Selling the Family Jewels

Well the time has come for my mom and dad to retire from milking cows. As a result I have written something to commemorate our family farm.

As this chapter of Watertown Holsteins comes to an end I can’t help but write a little something in remembrance of my family’s dairy farm.   First off it is hard to grow up, and we are all still doing it no matter our age!  My childhood on the farm with my sisters and brother, mom and dad, are filled with so many good memories.  All too often, it is easy not to say or write the things that our loved ones need to hear.  So I am taking this opportunity to do just that.  I consider my mom and dad to be fairly young even though they might disagree, and I am grateful they are just a phone call away.  My parents were both a big influence on me while growing up, and for that I am also thankful.  However, keep in mind I used to joke they had six kids so we could do all the work for them!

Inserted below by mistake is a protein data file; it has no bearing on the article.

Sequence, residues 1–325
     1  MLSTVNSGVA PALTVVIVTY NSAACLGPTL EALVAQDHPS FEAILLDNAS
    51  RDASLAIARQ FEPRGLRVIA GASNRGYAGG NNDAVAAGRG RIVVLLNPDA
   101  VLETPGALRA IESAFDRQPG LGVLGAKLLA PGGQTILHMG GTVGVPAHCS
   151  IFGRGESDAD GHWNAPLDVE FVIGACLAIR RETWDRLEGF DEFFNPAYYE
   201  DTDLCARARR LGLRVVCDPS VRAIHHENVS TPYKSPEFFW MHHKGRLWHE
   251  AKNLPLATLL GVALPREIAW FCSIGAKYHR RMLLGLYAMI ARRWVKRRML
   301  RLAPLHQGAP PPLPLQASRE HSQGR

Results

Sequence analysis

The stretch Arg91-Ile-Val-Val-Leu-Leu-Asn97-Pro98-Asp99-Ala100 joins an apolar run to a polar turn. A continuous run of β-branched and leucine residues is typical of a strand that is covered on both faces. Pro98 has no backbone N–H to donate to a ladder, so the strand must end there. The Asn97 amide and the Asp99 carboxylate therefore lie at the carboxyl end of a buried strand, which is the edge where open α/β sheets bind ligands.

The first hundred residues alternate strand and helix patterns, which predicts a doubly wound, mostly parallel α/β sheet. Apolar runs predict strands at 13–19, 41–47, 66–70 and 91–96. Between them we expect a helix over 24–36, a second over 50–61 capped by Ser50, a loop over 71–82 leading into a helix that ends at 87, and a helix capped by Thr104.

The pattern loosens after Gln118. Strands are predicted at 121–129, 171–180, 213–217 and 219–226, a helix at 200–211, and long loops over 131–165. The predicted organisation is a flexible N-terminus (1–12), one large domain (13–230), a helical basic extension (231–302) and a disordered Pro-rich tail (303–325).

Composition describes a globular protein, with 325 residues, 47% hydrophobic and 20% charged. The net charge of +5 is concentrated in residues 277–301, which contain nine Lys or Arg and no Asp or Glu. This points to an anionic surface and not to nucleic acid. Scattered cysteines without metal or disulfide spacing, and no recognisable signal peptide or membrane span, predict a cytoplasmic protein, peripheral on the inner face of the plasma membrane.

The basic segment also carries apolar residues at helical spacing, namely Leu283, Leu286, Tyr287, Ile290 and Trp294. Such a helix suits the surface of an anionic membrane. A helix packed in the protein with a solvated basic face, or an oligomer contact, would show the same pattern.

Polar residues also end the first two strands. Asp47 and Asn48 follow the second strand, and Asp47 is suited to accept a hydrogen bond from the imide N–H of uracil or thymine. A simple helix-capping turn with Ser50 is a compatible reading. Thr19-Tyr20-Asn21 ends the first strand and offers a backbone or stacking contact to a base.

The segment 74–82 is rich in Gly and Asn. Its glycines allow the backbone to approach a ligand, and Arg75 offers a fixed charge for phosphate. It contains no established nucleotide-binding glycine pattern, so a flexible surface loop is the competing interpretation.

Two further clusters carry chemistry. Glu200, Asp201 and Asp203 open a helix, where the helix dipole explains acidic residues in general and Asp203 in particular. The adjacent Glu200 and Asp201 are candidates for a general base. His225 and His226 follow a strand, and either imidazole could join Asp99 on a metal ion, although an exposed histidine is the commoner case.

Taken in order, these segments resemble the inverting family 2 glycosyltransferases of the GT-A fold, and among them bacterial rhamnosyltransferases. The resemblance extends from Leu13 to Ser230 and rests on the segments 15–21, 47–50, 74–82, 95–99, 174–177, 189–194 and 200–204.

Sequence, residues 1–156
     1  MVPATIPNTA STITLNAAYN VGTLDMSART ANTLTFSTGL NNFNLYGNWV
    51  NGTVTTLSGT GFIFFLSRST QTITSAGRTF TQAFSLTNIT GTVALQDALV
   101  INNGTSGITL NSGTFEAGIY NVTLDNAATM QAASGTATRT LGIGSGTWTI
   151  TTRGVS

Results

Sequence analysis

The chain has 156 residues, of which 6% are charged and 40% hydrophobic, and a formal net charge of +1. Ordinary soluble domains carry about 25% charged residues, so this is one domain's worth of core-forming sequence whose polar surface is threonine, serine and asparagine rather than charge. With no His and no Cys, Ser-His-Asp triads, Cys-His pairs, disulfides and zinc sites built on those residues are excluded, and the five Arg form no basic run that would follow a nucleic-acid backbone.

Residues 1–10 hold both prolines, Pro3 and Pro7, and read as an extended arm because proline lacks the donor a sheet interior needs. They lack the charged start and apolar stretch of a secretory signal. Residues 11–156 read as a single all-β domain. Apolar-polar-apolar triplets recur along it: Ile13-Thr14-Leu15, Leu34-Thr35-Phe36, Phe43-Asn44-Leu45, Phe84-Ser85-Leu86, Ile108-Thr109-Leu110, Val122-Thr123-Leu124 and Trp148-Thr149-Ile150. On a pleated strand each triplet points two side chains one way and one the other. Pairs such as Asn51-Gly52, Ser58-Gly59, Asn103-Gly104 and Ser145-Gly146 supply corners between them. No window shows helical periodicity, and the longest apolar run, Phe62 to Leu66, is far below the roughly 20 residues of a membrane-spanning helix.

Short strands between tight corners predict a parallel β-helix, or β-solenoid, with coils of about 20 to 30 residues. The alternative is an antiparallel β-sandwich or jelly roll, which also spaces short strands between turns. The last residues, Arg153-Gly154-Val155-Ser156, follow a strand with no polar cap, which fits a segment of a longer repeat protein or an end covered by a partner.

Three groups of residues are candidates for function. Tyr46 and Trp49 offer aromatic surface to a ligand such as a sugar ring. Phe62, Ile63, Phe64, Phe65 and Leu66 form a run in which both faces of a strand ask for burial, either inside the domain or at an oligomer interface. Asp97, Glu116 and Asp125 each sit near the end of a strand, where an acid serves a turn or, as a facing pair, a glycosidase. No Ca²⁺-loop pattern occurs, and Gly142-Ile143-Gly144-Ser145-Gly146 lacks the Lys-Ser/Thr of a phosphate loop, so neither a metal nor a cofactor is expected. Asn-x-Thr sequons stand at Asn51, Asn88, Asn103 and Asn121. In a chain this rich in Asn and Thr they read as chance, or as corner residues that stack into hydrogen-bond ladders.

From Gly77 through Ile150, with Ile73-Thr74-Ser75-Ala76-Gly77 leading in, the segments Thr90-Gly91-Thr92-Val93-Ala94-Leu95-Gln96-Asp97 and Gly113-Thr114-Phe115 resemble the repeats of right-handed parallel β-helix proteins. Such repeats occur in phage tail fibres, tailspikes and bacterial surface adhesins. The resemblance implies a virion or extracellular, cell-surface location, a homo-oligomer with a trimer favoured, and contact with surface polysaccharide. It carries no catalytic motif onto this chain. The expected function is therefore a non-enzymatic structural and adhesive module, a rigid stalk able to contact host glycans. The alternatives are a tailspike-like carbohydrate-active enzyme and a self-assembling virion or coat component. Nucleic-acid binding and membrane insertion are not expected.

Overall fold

The truth is, all the lessons they taught me and my siblings through the family farm life will benefit us the rest of our days.  My parents taught me who God was at an early age, so I knew who created me and all the animals I adored.  However it wasn’t until I was about four or five years old that I became comfortable around cattle since they were so big!  All of my siblings and I had responsibilities in the house and on the farm growing up.  Through my early years I had to unload the silverware, sweep the floors and take out the garbage.  My older sisters always thought I got by way to easy, but I disagreed.  I discovered my favorite task, making the morning pancakes after dad got in from chores though.  I used to sneak outside in the morning before my mom and sisters woke, just to go see my dad milk the cows too.  Then I got my first job on the dairy, sweeping the hallway outside the office, bathroom, and milk room.  I still remember finding some change (placed cleverly by my dad) in all the dirt and feeling so accomplished since I made a few cents at the age of five!  My responsibilities grew as I did and so did the opportunities.  In the morning and evening I got to fill many bottles full of milk for all those cute Holstein calves and in the afternoon build amazing forts in the cottonseed pile.  Talk about a blast for young kids and a nightmare for our mom and sometimes dad too, especially if we forgot to take the shovel out of the pile, sorry dad!  Once we headed back in the house, our clothes mysteriously managed to carry cottonseed in, sorry mom!  Then it was riding on the lawn mower for hours in the evening with my dad because I wanted to drive the mower, but I was too short.  As soon as I was tall enough, I got to be the full-time grounds keeper.  During the summers it was wanting to cut green beans but instead I had to wash them since I was too young to play with knives.  Not to worry, eventually I cut plenty of green beans!  When I was still the baby of the family, my older sisters, Joelle and Maria, helped me ride my bike around the section sometimes every day even though I struggled to keep up at times.  They also opened up the ice cream shop straight from the garage door and made me some very tasty treats.  Then soon I was a big sister and my little brother Samuel was volunteered for daily tours of the farm in his stroller, by tour guide Ana, so my mom could do what she needed.  Then eventually I was taking my younger siblings around the section on bike rides just like my older sisters did with me, and guess who needed the patience then!  As siblings we created a ton of fun memories on the dairy.  Maria and I dug traps with poop in the bottom for my sister Joelle to step in but instead dad found them first, sorry dad!  We ran through the sprinklers, built teepees in the trees, set up tents in the backyard for campouts, shot each other with water guns, pelted empty pop cans with Maria’s BB gun, but not to worry we got back to work.  We got to show calves together in 4-H every summer too, which was a huge highlight in my summers.  My dad taught me how to clip and fit cattle, and I loved the smell of the clipper oil and still do.  As I got older and stronger, my dad let me do more and more.  I got to push the manure from the barn alley into the gutter after each cow took her stall in the early afternoon.  Then eventually I was wheel-barrowing out manure from the box stalls with my sisters and brother.  By the way, that wasn’t punishment that was just chores.